In February 2018, Oxford Biomedica, a large biological research company in Oxford, UK, was hit by a ransomware attack. The hackers were demanding more than £300,000 in ransom. Oxford invoked its incident response plan and called in its team. One member of Oxford’s internal incident response team, Ashley Liles, had a brilliant idea—he was going to help himself to the ransom payment.
Liles examined the attackers’ ransom demands and then modified them—creating new ransom demands that were almost identical to those of the attacker with one minor change: The bitcoin wallet into which the ransom was to be paid. Liles replaced the attackers’ bitcoin wallet address with his own. He forged emails that looked identical to those of the attackers, with an email address that also was nearly identical.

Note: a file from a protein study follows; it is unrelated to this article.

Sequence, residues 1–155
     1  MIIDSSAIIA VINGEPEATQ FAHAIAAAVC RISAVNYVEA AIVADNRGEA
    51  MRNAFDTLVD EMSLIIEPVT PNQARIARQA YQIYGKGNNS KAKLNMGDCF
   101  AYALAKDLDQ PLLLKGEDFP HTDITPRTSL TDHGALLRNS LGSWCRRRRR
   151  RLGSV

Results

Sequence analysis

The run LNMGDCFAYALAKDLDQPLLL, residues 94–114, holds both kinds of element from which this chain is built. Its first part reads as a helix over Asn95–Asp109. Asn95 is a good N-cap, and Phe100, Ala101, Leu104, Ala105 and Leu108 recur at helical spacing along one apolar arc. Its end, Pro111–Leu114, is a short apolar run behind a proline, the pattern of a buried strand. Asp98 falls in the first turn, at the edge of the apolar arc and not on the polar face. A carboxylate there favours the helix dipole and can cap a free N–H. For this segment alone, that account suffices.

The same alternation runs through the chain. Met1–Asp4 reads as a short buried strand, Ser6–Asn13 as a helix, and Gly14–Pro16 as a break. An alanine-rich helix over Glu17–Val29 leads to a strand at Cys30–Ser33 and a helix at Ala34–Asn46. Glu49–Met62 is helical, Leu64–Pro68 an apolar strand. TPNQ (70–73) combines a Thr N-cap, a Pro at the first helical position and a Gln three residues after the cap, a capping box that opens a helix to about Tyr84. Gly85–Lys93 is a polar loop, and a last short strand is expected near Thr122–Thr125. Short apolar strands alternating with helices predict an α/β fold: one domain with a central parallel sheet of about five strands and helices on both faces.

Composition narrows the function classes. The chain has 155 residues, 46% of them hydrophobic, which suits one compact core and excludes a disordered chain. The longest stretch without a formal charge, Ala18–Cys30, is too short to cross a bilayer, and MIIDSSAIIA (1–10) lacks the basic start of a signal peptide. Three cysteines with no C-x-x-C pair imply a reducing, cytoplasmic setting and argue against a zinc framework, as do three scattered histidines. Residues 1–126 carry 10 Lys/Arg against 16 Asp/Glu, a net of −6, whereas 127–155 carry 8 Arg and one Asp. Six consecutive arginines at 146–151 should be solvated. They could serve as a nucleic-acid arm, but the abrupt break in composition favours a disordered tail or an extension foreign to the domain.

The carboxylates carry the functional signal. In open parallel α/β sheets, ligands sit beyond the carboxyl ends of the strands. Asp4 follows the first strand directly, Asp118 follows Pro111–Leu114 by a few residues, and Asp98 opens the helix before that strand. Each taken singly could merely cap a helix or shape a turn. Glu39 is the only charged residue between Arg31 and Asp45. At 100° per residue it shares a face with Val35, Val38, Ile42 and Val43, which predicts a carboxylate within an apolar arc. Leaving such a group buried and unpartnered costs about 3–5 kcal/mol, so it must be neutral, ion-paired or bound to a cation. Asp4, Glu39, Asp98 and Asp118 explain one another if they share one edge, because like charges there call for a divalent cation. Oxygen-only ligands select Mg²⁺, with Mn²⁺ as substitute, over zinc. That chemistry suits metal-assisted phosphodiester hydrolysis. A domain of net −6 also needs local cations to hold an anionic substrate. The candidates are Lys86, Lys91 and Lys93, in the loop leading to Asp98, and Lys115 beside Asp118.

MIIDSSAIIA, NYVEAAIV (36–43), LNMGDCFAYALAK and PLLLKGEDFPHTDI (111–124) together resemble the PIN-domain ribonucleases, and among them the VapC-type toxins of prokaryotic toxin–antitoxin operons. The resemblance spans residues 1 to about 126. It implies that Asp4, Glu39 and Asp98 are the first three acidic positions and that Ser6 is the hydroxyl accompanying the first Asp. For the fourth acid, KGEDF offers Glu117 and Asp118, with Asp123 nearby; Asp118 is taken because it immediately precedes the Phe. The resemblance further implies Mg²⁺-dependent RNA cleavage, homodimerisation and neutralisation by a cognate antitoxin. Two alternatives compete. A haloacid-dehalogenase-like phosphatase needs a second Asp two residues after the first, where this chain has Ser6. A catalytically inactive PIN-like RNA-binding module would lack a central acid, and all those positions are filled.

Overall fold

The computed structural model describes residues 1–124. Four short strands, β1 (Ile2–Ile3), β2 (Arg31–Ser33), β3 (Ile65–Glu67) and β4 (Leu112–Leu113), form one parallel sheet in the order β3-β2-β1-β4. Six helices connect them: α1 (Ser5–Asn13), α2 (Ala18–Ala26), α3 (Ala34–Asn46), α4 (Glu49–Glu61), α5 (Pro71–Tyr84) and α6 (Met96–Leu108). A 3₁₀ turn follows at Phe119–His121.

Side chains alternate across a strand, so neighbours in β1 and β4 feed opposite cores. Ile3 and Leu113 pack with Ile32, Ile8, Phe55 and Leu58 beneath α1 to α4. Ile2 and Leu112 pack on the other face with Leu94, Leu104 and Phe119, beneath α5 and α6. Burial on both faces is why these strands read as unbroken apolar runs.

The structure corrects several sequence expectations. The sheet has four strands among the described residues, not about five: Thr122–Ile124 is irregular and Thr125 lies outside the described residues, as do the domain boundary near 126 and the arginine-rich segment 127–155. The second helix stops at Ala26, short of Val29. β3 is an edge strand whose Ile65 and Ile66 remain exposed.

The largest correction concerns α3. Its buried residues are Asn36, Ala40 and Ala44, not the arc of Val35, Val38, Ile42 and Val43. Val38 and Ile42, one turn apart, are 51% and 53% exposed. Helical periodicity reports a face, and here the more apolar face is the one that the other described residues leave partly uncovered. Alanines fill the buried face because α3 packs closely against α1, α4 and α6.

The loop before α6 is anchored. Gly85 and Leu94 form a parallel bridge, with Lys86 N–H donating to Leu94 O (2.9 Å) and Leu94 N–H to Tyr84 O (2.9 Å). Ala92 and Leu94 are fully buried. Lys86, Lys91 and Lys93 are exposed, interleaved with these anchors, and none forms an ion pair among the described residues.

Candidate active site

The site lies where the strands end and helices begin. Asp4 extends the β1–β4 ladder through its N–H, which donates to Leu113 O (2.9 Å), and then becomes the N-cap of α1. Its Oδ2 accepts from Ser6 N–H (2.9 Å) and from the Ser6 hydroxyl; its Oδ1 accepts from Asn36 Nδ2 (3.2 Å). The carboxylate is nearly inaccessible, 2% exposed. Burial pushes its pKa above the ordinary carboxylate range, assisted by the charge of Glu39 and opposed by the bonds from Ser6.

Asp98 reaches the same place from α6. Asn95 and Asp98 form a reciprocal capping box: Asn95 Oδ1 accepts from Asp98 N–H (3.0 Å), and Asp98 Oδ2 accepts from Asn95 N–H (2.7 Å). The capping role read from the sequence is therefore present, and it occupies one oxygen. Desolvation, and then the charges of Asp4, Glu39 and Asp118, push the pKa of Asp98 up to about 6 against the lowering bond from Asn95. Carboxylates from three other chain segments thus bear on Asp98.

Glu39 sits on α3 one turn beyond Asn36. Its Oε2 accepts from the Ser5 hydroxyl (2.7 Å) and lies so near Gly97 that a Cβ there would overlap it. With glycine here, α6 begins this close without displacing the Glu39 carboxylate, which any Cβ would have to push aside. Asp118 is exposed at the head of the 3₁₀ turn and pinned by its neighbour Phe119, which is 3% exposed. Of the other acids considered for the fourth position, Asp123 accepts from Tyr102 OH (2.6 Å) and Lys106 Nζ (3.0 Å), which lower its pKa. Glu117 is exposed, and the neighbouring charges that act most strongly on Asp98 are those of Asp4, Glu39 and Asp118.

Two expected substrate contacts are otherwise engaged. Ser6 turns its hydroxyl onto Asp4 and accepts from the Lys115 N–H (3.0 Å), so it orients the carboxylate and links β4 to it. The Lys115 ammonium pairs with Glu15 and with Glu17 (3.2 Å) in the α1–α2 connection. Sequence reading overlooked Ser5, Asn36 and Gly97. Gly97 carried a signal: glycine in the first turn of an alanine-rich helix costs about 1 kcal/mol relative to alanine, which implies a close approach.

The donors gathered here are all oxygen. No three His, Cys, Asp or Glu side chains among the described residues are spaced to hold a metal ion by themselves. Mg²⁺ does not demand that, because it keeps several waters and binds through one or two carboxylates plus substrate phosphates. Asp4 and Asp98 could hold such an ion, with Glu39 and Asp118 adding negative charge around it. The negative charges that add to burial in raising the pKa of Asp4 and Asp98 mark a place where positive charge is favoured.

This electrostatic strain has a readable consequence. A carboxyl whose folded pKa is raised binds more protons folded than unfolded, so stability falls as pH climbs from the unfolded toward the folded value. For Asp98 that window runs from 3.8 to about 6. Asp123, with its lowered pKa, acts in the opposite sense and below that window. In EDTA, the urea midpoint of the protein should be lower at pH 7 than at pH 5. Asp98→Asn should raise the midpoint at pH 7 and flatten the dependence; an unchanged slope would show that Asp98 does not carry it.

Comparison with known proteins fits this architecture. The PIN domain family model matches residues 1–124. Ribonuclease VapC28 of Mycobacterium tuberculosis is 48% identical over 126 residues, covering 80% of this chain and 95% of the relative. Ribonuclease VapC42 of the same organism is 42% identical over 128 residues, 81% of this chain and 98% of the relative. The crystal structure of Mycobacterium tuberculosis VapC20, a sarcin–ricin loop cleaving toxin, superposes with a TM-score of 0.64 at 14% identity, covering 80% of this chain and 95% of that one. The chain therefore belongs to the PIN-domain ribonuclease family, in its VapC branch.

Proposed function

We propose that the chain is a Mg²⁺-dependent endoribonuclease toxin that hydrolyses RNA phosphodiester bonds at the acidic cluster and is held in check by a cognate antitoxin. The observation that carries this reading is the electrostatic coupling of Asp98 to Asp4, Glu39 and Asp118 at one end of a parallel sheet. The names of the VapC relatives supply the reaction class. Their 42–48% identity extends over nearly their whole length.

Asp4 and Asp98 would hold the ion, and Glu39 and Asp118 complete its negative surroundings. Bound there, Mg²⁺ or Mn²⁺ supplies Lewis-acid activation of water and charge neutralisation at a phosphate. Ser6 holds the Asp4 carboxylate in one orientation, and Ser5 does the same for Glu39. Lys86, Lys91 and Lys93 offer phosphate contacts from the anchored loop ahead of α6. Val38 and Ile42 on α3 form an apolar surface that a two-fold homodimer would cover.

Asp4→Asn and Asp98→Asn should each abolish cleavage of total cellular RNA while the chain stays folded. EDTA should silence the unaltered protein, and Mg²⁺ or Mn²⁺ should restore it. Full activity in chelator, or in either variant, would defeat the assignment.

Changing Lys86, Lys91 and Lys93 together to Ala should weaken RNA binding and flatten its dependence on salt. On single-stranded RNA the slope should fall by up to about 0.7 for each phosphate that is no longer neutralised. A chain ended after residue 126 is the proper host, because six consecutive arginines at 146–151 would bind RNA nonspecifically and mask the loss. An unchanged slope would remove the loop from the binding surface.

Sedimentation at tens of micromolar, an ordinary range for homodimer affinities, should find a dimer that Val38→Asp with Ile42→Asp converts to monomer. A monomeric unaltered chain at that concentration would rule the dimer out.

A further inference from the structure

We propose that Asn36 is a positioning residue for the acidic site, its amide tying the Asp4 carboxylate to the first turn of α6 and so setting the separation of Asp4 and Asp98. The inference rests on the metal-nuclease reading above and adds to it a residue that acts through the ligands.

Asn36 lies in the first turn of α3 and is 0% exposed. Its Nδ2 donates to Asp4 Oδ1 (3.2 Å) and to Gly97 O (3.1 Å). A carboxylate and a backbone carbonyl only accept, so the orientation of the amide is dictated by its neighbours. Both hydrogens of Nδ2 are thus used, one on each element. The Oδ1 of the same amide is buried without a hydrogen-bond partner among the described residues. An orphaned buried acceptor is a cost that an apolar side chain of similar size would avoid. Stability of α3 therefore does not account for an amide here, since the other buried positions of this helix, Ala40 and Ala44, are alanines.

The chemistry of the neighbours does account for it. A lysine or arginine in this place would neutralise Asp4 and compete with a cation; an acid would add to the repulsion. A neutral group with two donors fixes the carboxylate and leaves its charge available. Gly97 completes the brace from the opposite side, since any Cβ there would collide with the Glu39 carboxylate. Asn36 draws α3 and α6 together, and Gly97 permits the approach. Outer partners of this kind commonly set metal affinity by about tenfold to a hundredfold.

The now-28-year-old security analyst not only forged emails from the attackers but also accessed the email of a member of Oxford’s board of directors and changed the attacker’s email to his own (with his own payment instructions). Posing as the attacker, Liles also pressured that board member to pay the ransom.
Unfortunately for Liles, Oxford decided not to pay the ransom. In the 1983 movie “Body Heat,” Mickey Rourke said to William Hurt (his lawyer), “Any time you try a decent crime, you got fifty ways you’re gonna [screw] up. If you think of twenty-five of them, then you’re a genius. And you ain’t no genius.” Apparently, Liles did not do enough to cover his tracks; investigators were able to track the emails and ransom demands back to him and the emails back to an IP address at his house.
Liles initially insisted that he was innocent until he got to court. This week, he pled guilty to a variety of computer and extortion offenses, and a sentencing hearing is set for July 2023.
So, I guess the message is not to trust anyone. Or rely on the fact that, any time someone tries a decent crime, they’ve got fifty ways they’re gonna [screw] up. Let’s hope they don’t think of even 25.